subtracting the integral of the residual background function in the same range, and correcting the result to account for the yields outside this range. This correction to the total yield is about 9% (13%) for K∗0(φ) [18].

C. Yield correction

The raw yields of K∗0 and φ mesons are normalized to

the number of events and corrected for the branching ratio (BR) [14], the detector acceptance (A), and the reconstruction efficiency (εrec).

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) c (GeV/ T p 0 5 10 15 20 rec ε × A 0 0.1 0.2 0.3 0.4 0.5 0.6 0.7 0.8 Minimum bias = 2.76 TeV s ALICE pp, 0 K* φ ) c (GeV/ T p 0 5 10 15 20 rec ε × A 0 0.1 0.2 0.3 0.4 0.5 0.6 0-5% = 2.76 TeV NN s ALICE Pb-Pb, 0 K* φ

FIG. 3. The acceptance and efficiency (A × εrec) correction as a function of pTfor K∗0(red marker) and φ (blue marker) mesons in pp (left panel) and 0–5% centrality in Pb-Pb (right panel) collisions at √sNN= 2.76 TeV.

1. Acceptance and reconstruction efficiency

A Monte Carlo simulation based on the HIJING (PYTHIA) event generator is used for the estimation of the acceptance × efficiency (A × εrec) in Pb-Pb (pp) collisions. Figure3shows

A× εrecfor minimum bias pp collisions and 0–5% centrality

Pb-Pb collisions at √sNN = 2.76 TeV for both K∗0and φ. In

these simulations, the decay products of the generated K∗0

and φ are propagated through the ALICE detector material usingGEANT3[29]. The A × εrecis defined as the fraction of

generated K∗0and φ that is reconstructed after passing through

the detector simulation, the event reconstruction, and being subjected to the track quality, PID, and pair rapidity cuts. In this calculation, only those K∗0(φ) mesons that decay to K±π

(K+K) are used. The correction for the branching ratio is

therefore not included in A × εrec and is applied separately

[Eq. (4)]. The differences in A × εrecfor K∗0and φ are due to

the different kinematics and track selection criteria. In Pb-Pb collisions, A × εrechas a very mild centrality dependence.

2. Normalization

The yields are normalized to the number of minimum bias events and corrected for the trigger (εtrigger) and vertex

reconstruction efficiencies (εvertex) to obtain the absolute

res-onance yields per inelastic pp collision. The εvertexcorrection

was estimated to be equal to 89% and takes into account K∗0and φ meson losses after imposing the vertex cut. The trigger efficiency correction factor εtriggeris 88.1% with relative

uncertainty of +5.9% and −3.5% for pp collisions [30]. The effects of trigger and vertex reconstruction efficiency corrections are negligible in Pb-Pb collisions and, hence, not considered. The invariant yield for pp and Pb-Pb collisions is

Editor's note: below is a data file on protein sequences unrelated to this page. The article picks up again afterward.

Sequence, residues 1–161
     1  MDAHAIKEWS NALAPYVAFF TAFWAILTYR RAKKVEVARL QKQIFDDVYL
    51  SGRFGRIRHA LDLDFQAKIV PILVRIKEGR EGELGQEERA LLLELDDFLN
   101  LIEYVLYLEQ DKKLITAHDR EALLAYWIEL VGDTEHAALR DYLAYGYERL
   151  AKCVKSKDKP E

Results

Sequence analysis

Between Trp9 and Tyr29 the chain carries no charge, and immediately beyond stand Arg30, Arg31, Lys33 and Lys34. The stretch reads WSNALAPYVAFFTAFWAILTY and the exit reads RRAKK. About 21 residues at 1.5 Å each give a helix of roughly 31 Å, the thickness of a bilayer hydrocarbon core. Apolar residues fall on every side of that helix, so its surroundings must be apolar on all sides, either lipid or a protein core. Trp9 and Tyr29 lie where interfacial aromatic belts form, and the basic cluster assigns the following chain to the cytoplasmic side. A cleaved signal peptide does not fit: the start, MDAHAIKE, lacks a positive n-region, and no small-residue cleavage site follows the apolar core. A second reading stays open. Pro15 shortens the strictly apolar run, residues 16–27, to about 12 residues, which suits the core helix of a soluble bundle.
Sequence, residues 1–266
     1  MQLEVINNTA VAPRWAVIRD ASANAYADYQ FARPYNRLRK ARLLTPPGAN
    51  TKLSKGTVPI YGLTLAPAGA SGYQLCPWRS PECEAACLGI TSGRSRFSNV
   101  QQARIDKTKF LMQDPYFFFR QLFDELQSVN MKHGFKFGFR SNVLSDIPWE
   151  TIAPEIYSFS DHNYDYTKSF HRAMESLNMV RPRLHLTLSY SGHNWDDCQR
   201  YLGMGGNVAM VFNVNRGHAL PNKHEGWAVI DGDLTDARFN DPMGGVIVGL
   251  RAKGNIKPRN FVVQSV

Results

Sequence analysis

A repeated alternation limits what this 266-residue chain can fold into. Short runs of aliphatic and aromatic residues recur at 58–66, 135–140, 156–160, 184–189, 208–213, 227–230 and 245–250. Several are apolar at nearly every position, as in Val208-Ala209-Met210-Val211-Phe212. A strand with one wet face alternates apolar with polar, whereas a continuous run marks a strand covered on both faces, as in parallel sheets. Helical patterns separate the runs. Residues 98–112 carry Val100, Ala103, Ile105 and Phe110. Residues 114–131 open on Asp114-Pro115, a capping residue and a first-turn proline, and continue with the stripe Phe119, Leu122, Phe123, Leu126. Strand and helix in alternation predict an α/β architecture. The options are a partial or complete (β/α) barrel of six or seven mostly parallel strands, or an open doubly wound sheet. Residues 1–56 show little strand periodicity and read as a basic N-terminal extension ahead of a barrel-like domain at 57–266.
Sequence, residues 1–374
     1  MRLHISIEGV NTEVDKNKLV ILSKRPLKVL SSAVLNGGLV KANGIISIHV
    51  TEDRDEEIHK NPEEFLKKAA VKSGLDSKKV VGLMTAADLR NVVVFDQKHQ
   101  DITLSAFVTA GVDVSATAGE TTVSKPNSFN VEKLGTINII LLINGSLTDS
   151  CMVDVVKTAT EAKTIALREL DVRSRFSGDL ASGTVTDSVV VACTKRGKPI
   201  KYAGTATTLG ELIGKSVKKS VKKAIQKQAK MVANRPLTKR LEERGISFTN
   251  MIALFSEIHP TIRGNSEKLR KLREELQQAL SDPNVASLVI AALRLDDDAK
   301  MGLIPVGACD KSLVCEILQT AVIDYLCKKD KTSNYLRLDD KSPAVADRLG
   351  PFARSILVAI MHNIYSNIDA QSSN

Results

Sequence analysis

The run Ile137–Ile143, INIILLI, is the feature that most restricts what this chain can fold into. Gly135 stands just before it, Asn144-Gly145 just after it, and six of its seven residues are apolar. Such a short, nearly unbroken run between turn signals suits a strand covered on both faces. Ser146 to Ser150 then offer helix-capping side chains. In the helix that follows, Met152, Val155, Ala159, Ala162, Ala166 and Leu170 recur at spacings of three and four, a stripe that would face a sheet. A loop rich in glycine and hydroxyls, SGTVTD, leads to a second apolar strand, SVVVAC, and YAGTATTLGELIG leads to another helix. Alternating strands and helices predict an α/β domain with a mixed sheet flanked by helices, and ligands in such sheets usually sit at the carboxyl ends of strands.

1 2πpT d2N dy dpT = 1 2πpT × 1 Nev× Nraw dy dpT ×A εtrigger × εrec× BR × εvertex , (4)

where Nevis the number of events used in the analysis and Nrawis the K∗0or φ raw yield.

D. Systematic uncertainties

The sources of systematic uncertainties in the measurement of K∗0 and φ production in pp and Pb-Pb collisions are

the global tracking efficiency (performed using ITS and TPC clusters), track selection cuts, PID, yield extraction method, and material budget. In Pb-Pb (pp) collisions, the uncertainty contribution due to the global tracking efficiency has been estimated to be 5% (4%) for charged particles [31], which results in a 10% (8%) effect for the track pairs used for the invariant-mass analysis of K∗0 and φ. The systematic

uncertainty in the global tracking efficiency of the charged decay daughters is pTand centrality independent and it cancels

out partially in particle yield ratios for both K∗0 and φ.

The uncertainty due to the PID cuts is 3.7% (4%) in pp and 4% (6.2%) in Pb-Pb collisions for K∗0 (φ). Systematic

uncertainties of 3% to 6% on the raw yield have been assigned due to variation of the track selection cuts, depending on the particle species and collision system. The uncertainty due to the raw yield extraction includes variations of the fit range, fit function, mass resolution, and mixed event background normalization range. The πK (KK) invariant-mass fitting ranges were varied by 10–30 (5–10) MeV/c2on each side of

the peak. The residual background is fitted with a third-order polynomial and the resulting variations in the raw yield are also incorporated into the systematic uncertainties. Due to the uncertainty in the material budget of the ALICE detectors, a systematic uncertainty of ≈1% (derived from the study for π±and K± in Ref. [31]) is added to the yield of K∗0and φ at low pT<2 GeV/c; the contribution is negligible at higher